1. Facebook announces biggest algorithm change in years

Over the next few weeks, Facebook is set to implement the biggest overhaul of its algorithm in years, exposing users to more content from friends and family and less from brands and publishers.

The social network will start surfacing posts that your friends have engaged with—such as a status update that many of them have reacted to or commented on—more so than posts from media companies.

The algorithm change will have far-reaching implications for businesses and publishers (hello, again, decreased reach), and will likely have brands even more dependent on paid media on the social network. But the modification also brings with it questions of whether it could amplify the echo chamber if users are exposed to content only their friends are interacting with.

Zuckerberg says a new emphasis on posts from friends rather than viral videos will benefit not only users’ mental health but ultimately the company’s business goals.

2. LinkedIn repositions with unconventional ad campaign

If you caught the Golden Globes last week, you may have noticed an unconventional ad from an even more unconventional advertiser: LinkedIn.

The professional social network is no newbie to award show spots (it launched its first TV ad campaign during the 2016 Academy Awards), but this year’s took viewers by surprise with its messaging.

Under the tagline “In It Together,” the spot seems to shake the social network’s professional, white-collar stereotype by featuring LinkedIn users who don’t necessarily fall in line with what we’d normally expect to see there. It highlights mixed-martial-arts fighters and ranchers in a black-and-white, documentary-style fashion, pushing viewers to think of LinkedIn as more than a place for corporate, sedentary professionals chained to desks.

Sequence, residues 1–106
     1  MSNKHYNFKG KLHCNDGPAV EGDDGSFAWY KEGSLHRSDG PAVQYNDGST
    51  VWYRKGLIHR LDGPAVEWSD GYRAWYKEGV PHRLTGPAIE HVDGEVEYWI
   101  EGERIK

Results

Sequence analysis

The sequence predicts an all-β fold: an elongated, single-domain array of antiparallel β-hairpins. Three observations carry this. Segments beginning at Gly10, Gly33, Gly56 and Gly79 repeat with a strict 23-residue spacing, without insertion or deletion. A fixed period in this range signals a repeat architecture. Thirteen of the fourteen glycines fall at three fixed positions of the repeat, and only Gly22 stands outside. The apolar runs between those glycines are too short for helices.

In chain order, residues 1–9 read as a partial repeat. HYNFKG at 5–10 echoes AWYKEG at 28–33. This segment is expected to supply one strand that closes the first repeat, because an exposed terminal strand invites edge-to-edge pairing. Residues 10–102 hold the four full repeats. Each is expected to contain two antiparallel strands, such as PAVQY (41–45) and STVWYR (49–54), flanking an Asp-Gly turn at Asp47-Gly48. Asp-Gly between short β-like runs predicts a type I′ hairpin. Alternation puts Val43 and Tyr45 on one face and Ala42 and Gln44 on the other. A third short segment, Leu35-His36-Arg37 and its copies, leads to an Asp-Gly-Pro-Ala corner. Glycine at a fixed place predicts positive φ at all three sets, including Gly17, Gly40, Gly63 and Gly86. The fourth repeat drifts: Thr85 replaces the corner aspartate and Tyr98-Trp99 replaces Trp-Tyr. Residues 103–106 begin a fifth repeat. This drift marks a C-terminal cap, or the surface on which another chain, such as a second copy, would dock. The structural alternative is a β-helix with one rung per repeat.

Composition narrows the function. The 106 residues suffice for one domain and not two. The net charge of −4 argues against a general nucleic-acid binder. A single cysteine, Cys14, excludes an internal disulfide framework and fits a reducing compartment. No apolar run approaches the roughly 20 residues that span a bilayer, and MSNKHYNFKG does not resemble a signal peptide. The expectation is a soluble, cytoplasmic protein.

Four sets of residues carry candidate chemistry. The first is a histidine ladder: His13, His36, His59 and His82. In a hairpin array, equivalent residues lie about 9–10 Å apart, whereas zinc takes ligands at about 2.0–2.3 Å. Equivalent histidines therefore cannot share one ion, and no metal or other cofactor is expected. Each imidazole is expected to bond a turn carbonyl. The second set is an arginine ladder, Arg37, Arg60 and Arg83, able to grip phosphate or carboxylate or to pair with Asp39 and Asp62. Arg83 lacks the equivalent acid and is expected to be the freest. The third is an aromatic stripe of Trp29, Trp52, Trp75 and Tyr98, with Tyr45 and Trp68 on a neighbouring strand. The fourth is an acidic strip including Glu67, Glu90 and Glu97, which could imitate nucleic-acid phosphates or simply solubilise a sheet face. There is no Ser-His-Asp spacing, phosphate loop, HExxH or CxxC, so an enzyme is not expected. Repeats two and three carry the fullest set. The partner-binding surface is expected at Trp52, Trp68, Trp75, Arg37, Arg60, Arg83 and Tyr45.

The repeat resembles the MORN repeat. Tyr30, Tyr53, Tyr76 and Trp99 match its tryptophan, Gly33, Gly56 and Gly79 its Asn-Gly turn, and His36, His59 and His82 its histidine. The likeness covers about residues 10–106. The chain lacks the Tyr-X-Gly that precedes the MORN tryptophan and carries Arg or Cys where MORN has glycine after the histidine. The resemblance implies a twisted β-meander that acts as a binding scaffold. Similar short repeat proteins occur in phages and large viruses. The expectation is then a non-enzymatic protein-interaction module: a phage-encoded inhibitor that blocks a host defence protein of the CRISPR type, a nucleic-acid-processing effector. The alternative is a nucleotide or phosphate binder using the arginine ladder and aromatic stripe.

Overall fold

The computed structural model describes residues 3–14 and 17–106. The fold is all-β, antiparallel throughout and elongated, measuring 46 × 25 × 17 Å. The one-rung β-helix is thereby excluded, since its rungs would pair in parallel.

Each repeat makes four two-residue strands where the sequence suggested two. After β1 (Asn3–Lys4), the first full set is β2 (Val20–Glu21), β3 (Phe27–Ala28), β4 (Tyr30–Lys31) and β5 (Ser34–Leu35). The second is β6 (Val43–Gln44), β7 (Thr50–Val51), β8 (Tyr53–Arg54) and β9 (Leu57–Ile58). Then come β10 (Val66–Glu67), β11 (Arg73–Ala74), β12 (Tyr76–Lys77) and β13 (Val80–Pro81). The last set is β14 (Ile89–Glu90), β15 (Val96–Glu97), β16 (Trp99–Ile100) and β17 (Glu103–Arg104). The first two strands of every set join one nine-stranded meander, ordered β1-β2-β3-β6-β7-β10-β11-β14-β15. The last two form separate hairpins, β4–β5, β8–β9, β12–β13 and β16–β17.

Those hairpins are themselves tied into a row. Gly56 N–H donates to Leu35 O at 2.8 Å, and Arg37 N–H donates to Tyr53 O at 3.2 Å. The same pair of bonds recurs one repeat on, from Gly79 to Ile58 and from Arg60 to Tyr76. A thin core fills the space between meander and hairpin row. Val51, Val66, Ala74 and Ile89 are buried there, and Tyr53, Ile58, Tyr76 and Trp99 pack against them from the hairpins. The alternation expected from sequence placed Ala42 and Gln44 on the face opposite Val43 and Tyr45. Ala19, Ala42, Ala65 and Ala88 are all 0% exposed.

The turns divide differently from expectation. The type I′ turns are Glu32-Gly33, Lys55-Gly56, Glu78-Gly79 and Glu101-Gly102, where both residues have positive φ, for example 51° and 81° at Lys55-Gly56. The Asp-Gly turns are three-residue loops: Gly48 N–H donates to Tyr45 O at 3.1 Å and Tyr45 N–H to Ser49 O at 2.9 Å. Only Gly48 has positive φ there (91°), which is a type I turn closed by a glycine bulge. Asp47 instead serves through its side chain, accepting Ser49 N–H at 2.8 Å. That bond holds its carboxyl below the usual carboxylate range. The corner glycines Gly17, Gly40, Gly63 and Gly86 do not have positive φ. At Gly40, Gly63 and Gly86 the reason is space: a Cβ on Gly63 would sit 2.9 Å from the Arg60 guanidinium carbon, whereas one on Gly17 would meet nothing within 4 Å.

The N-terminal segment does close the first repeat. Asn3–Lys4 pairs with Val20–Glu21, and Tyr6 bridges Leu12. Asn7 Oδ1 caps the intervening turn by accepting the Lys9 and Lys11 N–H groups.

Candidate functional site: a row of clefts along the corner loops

Check it out, below!

3. Facebook plans big dive into home device market with ‘Portal’

Consumers will start seeing Facebook invade their homes in new ways if the social network has its way. In May, the company plans a formal product unveil of Portal, a video-chat device with other social features, including integration with Spotify and Netflix and recognition of users’ Facebook profiles—and it will be controlled with voice commands.

The device, set to ship in the second half of 2018, should be the first brainchild to emerge from Facebook’s hardware lab, Building 8. The price of Portal? $499, a hefty increase over that of Amazon’s Echo Show, so we’ll see whether Facebook can make further headway into Middle America with a price point like that.

4. Americans’ love-hate relationship with social media is complicated but telling

Some 183 million Americans and Canadians use Facebook every single day, but that doesn’t necessarily mean the social networks intertwined with their daily lives are ones they love. In fact, a recent Harris Poll finds that some of the most popular platforms are ironically the most divisive, and it provides insights about which platforms are still unknown to large segments of America.

Twitter might have 330 million monthly active users, but 46% of those surveyed would prefer to “kill it and hope it dies,” in the…